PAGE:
New York rapper/producer J-Zone has been making hip-hop since the late nineties, so he knows a thing or two about rap music. He released albums steadily until 2007, when he retired, wrote a book about his experiences. Like all great retired rappers he only lasted a few years out to pasture before the allure of the mic drew him back. In 2013 he released “Peter Pan Syndrome,” and he also put out albums in 2014 and 2015. His latest “Fish-N-Grits” is an examination of the current state of the music industry, and J-Zone is having none of it.
“Fish-N-Grits” is presented as a battle between two rappers from different generations. In one corner, hipster rapper in skinny pink jeans Swagboi Blog Lover; in the other, old school Purist Generation Xer, who “always types his social media posts in capital letters so his message can be heard loud and clear.” J-Zone and his sped-up alter ego lay it all out in opening track “Shut Up, Make Music”:
“Generational debates have reached a boiling point, and both sides fail to realize that in the grand scheme of things, nobody gives a f#$k. So for the twenty-year-olds jumping on the lets bastard 90s bandwagon, you weren’t even born yet. And to the forty-eight-year-old, worrying about what fifteen-year-old kids are listening to, worry about your cholesterol, please. The moral of the story is there are only two types of music: Good and Bad. So make good music or shut the f#$k up.”
The album goes into “Time For a Crime Wave,” where J-Zone and his alter-ego lament how boring gentrified Brooklyn has become, and how the city needs a serious crime wave to chase off all the recent transplants and hipsters:
“Bored and still
Here I am on another high class date
With another high class brat from Boredom Hill
She has the audacity to state
That 60 grand a year ain’t enough for her to make
I’m sick of gentrifiers saying life ain’t fair
Cuz now that Brooklyn is a branch now you can’t afford to live there
Or how it’s such a f#$king pain
Bums begging for change
Kids dancing on the train are a threat to your safety
Where the f#$k you think you moved to?
(Get the f#$k outta here) You need an au pair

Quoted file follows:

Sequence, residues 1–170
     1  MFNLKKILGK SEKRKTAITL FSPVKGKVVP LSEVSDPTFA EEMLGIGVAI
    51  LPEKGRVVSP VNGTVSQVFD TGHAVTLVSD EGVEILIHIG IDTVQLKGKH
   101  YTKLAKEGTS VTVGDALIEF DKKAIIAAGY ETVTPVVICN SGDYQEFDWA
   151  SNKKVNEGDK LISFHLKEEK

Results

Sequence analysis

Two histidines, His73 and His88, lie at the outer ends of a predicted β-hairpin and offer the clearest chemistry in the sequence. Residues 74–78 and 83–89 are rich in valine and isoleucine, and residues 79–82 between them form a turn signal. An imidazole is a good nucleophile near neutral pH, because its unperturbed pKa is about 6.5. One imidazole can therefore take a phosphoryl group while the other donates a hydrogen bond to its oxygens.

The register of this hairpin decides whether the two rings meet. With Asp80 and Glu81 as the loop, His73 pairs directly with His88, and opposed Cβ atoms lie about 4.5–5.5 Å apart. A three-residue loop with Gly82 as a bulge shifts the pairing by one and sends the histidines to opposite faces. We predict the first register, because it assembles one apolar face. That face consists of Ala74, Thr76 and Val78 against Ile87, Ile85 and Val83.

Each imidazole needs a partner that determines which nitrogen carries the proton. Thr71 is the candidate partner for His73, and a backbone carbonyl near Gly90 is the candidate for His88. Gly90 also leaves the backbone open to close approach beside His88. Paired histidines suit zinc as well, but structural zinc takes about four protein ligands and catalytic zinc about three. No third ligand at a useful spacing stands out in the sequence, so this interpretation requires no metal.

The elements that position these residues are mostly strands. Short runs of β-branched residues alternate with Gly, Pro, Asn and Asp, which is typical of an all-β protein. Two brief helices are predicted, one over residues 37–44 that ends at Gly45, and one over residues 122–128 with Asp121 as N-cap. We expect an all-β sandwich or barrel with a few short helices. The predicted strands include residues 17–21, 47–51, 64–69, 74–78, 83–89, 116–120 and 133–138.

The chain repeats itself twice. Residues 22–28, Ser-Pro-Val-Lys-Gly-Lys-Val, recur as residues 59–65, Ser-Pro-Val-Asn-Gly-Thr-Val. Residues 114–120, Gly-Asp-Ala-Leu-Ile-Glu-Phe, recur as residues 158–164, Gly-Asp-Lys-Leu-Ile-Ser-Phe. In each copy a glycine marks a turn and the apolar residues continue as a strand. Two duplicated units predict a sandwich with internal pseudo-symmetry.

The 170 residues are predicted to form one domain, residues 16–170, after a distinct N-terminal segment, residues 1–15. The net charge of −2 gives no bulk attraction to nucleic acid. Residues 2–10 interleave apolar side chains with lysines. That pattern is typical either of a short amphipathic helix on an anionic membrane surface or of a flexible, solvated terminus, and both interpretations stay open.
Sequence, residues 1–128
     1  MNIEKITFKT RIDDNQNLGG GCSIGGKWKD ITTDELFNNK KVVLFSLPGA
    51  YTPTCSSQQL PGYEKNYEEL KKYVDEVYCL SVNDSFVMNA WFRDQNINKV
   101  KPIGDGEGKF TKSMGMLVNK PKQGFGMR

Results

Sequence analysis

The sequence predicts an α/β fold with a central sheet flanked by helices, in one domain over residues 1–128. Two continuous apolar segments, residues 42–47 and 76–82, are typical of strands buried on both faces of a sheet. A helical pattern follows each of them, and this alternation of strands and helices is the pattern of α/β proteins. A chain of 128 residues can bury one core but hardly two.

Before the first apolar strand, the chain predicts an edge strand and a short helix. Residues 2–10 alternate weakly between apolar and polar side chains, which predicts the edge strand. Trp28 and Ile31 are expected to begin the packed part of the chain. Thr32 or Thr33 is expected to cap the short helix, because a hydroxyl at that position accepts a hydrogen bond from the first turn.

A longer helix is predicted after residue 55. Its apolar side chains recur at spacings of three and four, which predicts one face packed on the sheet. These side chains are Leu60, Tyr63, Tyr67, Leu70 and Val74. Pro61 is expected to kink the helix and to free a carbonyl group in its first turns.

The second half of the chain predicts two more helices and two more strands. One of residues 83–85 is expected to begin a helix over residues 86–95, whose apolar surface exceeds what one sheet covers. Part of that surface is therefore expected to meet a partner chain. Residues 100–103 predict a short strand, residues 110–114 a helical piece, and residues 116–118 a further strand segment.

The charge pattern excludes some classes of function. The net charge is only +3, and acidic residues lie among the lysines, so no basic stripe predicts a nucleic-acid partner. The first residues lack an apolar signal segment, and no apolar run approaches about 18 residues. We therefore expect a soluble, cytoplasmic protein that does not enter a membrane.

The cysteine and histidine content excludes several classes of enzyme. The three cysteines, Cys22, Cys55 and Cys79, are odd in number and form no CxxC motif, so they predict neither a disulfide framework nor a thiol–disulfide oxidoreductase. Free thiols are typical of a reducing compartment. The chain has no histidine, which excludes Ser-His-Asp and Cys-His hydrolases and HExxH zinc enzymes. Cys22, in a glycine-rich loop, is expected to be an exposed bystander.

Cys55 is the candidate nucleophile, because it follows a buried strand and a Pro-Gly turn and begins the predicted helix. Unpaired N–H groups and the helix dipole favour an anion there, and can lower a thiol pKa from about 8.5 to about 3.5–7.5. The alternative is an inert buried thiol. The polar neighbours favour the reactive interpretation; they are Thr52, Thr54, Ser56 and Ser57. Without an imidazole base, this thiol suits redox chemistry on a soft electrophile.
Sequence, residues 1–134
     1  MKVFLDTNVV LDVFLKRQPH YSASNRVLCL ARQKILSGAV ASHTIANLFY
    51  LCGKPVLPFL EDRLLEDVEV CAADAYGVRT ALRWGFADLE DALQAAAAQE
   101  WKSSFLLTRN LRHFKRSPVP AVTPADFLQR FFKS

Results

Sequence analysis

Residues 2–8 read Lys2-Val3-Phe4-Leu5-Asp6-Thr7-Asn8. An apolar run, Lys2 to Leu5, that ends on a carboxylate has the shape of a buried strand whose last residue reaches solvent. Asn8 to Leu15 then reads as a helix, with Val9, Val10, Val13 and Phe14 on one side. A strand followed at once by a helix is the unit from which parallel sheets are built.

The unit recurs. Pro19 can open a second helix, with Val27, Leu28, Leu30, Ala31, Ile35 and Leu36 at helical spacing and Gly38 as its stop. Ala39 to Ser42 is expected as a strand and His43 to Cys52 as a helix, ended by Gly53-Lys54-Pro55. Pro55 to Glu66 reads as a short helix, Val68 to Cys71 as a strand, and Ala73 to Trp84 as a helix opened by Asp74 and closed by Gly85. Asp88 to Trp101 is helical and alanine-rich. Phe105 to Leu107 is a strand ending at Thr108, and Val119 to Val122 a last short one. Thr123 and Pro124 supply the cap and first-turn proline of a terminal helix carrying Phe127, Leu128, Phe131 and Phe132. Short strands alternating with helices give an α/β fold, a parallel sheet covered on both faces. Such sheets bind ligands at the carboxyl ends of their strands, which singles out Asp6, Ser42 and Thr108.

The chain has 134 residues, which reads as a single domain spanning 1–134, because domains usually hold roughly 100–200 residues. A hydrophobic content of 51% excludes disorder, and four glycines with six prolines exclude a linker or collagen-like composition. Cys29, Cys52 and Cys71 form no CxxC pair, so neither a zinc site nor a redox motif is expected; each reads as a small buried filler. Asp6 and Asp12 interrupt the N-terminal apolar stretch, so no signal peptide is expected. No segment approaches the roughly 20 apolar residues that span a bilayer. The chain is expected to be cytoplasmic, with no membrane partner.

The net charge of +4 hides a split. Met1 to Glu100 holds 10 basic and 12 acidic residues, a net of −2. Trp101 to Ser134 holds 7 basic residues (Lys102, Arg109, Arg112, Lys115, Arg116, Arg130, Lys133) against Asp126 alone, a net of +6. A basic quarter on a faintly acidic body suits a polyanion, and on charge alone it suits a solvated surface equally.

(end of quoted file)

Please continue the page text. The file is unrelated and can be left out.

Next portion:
Go back to Eau Claire and pump out a few babies”
He goes on to dis the NYPD and reminisce about when goons ran loose in record labels in the 90’s.
“I’m Sick of Rap” fires shots at old-ass rappers who want everything to be like it was back in the 90s even though times have changed, even though no one in the 90s wanted to take it back to the 70s. On “Rap Is A Circus…And We Hope the Elephants Trample Everybody,” he calls out people who snitch about who their favorite artists sample, and then get mad when said artist stops sampling and starts making synthesizer beats because he can’t afford to get sued over samples anymore.
“Fish-N-Grits” is funny, but beyond the humor J-Zone is making some real points about the state of the record industry and hip-hop in particular, and how pointless old school nostalgia is. Has-Lo, Al-Shid, and Swagmaster Bacon are featured on the album, but the majority of the rhymes are performed by J-Zone and his Quasimoto-like alter ego. He’s doing this even as he’s making hip-hop that fits in with what Genex Purist would want to listen to – based on jazz and funk loops and centered on actual rhyming skills. The music is all made by J-Zone and friends, so there are live drums throughout the album and several funky instrumental tracks. The beats hit hard but don’t sound slavishly throwback.
“Fish-N-Grits” offers an important perspective for aging rappers and rap fans. It’s pointless hating on the Travis Porters and Drakes and Futures of the world, even though their take on hip-hop has little to do with what EPMD, Tribe, or Gang Starr were doing back in the proverbial day. When Tribe dropped “Low End Theory” no one was complaining about how they weren’t sampling disco songs or keeping true to what hip-hop was in ’77. Time changes, technology changes, sampling laws change, and music changes. There’s good music and bad music. Listen to the good stuff and avoid the bad, or shut the f#$k up.